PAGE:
Sunvoice

So Where Are Tony Abbott And John Key Now?

Busy leaders of some of the world’s most populous and powerful nations are coming to Fiji to meet our Prime Minister, Voreqe Bainimarama. This again raises the question of the
24 Oct 2014 09:39
So Where Are Tony Abbott And John Key Now?
New Zealand Prime Minister John Key (left) and Australian Prime Minister Tony Abbott in a recent meeting

Busy leaders of some of the world’s most populous and powerful nations are coming to Fiji to meet our Prime Minister, Voreqe Bainimarama. This again raises the question of the Australian and New Zealand governments and leaders and their attitudes towards Fiji.

Example: The then Indonesian President Susilo Bambang Yudhoyono – the leader of a massive nation of more than 250 million people – recently took time to come here and meet with Prime Minister Voreqe Bainimarama. He was willingly part of our Pacific Islands Development Forum. This is a leader the Australian PM had to go to Indonesia to see.

Example: Indian Prime Minister Narendra Modi – the leader of the world’s biggest democracy – will be here next month. This is a leader who is striding the world stage, most recently warmly greeted by Barack Obama. This is a leader the Australian PM had to go to India to see.

These leaders of true standing on the world stage will not be the last to visit here soon.

Yet the best our supposed near neighbours Australia and New Zealand – just a few hours away by plane – can do is to work through their foreign ministers.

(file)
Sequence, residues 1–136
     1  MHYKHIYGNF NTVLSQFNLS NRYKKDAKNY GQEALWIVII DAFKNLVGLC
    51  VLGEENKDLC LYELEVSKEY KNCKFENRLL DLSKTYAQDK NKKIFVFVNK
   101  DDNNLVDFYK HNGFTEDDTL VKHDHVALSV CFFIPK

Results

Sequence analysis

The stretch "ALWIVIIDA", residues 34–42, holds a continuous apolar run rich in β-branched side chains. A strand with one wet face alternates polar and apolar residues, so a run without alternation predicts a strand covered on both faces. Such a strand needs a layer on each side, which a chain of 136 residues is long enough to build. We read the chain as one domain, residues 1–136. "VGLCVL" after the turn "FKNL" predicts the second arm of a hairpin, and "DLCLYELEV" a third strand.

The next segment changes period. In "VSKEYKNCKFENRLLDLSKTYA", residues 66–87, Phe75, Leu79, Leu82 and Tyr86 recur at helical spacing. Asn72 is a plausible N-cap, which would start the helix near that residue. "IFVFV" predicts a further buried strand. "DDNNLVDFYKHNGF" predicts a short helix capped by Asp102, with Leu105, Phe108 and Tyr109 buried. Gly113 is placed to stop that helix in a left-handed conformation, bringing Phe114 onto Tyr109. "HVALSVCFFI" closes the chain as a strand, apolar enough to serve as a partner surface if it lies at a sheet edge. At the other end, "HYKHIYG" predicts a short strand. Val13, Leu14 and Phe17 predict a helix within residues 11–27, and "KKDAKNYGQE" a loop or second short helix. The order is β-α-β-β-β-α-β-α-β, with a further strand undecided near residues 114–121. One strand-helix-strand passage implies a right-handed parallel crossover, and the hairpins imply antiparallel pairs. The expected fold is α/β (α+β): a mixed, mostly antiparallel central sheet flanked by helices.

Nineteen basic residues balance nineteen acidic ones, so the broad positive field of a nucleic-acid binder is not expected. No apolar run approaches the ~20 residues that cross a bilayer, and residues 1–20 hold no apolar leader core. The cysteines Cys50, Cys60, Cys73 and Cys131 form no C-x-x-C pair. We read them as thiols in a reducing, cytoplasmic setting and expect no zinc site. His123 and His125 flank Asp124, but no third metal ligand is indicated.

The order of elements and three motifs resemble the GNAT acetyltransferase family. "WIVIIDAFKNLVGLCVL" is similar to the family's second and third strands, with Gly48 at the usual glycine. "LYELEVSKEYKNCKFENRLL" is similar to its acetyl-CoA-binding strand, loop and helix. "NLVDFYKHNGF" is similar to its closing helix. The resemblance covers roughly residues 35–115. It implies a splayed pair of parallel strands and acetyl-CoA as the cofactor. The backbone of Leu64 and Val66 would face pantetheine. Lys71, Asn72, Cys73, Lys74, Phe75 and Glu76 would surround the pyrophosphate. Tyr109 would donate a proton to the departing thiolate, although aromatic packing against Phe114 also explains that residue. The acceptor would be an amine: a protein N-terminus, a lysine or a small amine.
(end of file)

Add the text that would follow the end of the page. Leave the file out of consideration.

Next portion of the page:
Julie Bishop is a big success internationally as Australian Foreign Minister. Her attitude towards Fiji is a ray of sunshine after the darkness of the former Australian Labor Government era. No doubt about that. But she is not Tony Abbott. There can be no true re-engagement until our leaders meet. The onus is on Mr Abbott to make the first gesture, given Australia’s years of shameful treatment of Fiji and Prime Minister Bainimarama.

New Zealand’s Murray McCully has a strong rapport with our own highly successful Foreign Minister Ratu Inoke Kubuabola. They obviously talk about much more than rugby. But Mr McCully is not John Key. There can be no true re-engagement until our leaders meet. The onus is on John Key to make the first gesture, given New Zealand’s years of shameful treatment of Fiji and Prime Minister Bainimarama.

The failure of the Australian and New Zealand Prime Ministers to re-engage with our Prime Minister smacks of the patronising attitude Canberra and Wellington still seem to have. This despite our holding fair and credible elections, and them being rated as such by leading international observers. This despite Mr Bainimarama being elected Fiji’s first Prime Minister to have a true national mandate from our people.

Fiji is proudly and truly independent now. Canberra and Wellington need to understand this. The old way of Australia and New Zealand calling the tune and Fiji dancing to it went out the window the day Mr Bainimarama and his team began building a new and better Fiji. Canberra and Wellington can no longer dictate to Fiji the way they can to some in the Pacific Islands.

Some in Canberra and Wellington still just don’t seem to get it. As a consequence they are now being left wallowing in the wake of far bigger nations and leaders who treat Fiji and our Prime Minister as equals.

Feedback:  maikab@fijisun.com.fj        

 

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